Katie Schwartz

A little person revolution is well underway. TLC plays host to numerous shows chronicling the lives of the little. Lifetime: Television for Women wanted in, and produced Little Women LA.” Clever! Surely, once A&E finds little duck hunters, bounty hunters or realtors, they’ll find a way to package and produce it—can’t wait! When I think of Bravo producing little housewives (fingers crossed), my giddiness is palpable.

Although I’m short, 5’3¾, I’m not an actual little person. I wondered what little people are made of; what makes them different from regular sized people and what functioning in the world is like for them.

To immerse myself in little person culture, I binge-watched as many little person shows as I could. Luckily, I also found a little person to have coffee with.

Let’s begin with my new little friend, Kelly, who has Achondroplasia. We were introduced by a mutual friend. She’s a swimmer and swims in Olympic type swimming pools, not wading or kiddie pools. She’s obsessed with the Giants, wearing bright colors and drinking Big Gulps (does this girl have a drowning fetish or what?!). Growing up, she devoured Judy Blume novels and related most to a broad called Deenie who wore a back brace for a good chunk of her life. I didn’t get the connection. Oh, well!

Some of the similarities between us were uncanny. We love dark humor. Surprisingly, she out-darked me, saying “If someone dies at a party, you know it’s just getting started.” I howled. We both drank coffee without incident. She drank hers with two hands, which I did in solidarity. She wears makeup. I don’t, but I know regular-sized women do because I’ve read magazines. We both pee sitting down, and, get this, our blood is red! We cut ourselves to double check.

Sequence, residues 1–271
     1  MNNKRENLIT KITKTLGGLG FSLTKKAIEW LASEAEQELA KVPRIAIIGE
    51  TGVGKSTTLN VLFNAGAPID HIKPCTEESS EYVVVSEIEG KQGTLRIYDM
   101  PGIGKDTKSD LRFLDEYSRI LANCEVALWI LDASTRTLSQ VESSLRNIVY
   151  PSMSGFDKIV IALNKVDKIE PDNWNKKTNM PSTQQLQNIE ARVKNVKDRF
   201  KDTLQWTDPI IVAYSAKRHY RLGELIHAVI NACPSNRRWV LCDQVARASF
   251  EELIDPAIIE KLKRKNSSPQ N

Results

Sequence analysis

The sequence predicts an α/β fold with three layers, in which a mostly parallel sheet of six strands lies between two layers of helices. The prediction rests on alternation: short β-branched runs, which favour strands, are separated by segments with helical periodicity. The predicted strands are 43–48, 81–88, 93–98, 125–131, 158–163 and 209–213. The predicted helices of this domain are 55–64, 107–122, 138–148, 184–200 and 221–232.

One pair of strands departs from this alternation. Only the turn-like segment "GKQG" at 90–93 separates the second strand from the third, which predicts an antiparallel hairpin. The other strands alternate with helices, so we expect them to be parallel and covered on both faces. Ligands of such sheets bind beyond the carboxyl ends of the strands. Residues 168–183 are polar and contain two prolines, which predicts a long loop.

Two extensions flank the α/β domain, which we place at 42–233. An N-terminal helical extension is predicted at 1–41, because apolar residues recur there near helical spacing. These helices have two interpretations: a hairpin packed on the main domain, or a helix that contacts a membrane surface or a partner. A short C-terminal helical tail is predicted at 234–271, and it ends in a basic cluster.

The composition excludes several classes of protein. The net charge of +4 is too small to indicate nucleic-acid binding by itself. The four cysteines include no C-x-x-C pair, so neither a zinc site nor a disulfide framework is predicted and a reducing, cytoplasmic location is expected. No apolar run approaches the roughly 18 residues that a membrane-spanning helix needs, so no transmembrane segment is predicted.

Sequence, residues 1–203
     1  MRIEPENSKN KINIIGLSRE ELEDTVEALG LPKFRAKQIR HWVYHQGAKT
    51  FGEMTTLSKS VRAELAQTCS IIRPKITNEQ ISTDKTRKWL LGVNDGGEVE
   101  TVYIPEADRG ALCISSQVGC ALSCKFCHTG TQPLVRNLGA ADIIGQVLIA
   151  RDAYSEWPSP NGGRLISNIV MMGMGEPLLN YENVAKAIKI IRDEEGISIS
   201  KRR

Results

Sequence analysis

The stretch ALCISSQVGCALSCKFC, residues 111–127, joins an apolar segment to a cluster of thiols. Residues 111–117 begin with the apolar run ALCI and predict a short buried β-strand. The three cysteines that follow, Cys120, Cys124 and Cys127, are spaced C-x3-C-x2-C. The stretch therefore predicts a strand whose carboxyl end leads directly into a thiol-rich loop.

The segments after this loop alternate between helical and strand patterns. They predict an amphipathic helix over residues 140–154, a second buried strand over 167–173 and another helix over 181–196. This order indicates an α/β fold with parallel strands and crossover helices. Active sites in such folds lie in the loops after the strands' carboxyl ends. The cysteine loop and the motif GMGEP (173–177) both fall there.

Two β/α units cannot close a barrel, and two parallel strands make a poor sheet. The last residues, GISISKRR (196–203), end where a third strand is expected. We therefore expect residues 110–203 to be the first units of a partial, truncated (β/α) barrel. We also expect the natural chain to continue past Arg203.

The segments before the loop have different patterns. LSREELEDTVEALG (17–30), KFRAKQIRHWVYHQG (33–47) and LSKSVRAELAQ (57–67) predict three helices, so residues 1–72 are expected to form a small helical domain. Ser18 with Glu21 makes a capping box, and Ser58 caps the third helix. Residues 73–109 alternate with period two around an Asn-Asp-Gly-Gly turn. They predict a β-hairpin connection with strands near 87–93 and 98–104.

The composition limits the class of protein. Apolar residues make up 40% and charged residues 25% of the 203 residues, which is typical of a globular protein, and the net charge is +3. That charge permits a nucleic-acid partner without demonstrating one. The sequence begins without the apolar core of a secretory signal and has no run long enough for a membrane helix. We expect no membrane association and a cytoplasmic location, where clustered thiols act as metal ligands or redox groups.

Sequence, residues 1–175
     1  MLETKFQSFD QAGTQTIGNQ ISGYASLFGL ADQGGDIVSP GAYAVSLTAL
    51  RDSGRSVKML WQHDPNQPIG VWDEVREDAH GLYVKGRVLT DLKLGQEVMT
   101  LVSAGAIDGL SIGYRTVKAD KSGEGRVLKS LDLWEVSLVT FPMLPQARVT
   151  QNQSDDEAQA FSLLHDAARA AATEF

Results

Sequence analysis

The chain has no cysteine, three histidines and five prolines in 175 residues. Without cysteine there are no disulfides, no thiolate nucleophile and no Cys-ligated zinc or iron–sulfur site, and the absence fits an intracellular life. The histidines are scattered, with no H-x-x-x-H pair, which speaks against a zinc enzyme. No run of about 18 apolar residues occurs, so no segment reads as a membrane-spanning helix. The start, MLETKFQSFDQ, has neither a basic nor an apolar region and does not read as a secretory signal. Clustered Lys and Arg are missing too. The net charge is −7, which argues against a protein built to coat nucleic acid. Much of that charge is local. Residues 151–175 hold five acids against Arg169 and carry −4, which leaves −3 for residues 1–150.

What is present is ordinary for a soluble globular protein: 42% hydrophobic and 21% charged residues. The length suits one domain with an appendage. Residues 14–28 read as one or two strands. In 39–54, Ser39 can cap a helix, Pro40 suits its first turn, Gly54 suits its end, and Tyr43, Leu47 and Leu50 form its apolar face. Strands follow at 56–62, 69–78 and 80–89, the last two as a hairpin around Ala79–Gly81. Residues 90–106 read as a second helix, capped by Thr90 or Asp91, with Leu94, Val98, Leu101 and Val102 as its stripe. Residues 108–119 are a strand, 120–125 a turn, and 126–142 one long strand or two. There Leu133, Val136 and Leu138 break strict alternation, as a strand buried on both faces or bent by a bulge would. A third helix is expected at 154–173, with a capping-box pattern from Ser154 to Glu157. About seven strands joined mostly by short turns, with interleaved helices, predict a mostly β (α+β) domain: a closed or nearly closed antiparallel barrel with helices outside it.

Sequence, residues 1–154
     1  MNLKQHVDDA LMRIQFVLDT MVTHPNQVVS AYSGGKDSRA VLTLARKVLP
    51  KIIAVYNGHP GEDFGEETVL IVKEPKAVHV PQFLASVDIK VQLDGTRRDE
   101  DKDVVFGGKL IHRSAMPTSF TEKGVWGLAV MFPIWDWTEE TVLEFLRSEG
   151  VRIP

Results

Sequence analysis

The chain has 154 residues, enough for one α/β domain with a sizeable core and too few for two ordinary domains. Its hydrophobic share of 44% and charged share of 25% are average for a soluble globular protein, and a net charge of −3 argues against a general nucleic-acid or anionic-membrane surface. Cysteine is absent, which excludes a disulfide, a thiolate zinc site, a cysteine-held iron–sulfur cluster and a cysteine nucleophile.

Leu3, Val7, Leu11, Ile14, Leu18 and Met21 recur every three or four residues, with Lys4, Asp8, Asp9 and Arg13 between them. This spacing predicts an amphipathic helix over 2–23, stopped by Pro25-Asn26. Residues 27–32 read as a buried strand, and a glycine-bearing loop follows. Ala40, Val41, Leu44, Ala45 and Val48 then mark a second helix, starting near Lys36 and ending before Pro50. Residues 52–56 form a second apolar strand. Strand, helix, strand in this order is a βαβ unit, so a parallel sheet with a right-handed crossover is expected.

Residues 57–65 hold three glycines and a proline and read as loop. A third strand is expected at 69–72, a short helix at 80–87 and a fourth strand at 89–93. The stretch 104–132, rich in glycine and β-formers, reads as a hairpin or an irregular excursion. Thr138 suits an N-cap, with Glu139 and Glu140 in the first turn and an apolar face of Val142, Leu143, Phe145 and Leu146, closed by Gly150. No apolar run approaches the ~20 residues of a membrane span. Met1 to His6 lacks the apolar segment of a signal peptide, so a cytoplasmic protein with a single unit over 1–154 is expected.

Our time together was simply delightful and I learned so much! Little people are normal, they just happen to be smaller and dexterous in ways regular size people aren’t. Who knew?!

The next time you find yourself staring at a little person, stare yourself into a frenzy. They’ll stare right back at you with the same judgment and disdain.

You know, I wonder if Marc Cheery will consider penning Little Devious Maids?

 
 
 


Katie Schwartz is a comedy writer, producer and essayist, among other writerly things. She collects vintage tchotch, not bodies, which is surprising considering her obsession with death humor. You can catch her weekly column at Monkeybicycle and other print work on Huffington Post, Exquisite Corpse, or here. If you’re not bored to death, watch some of her produced work at FKR.TV, FunnyOrDie or on the YouTubes.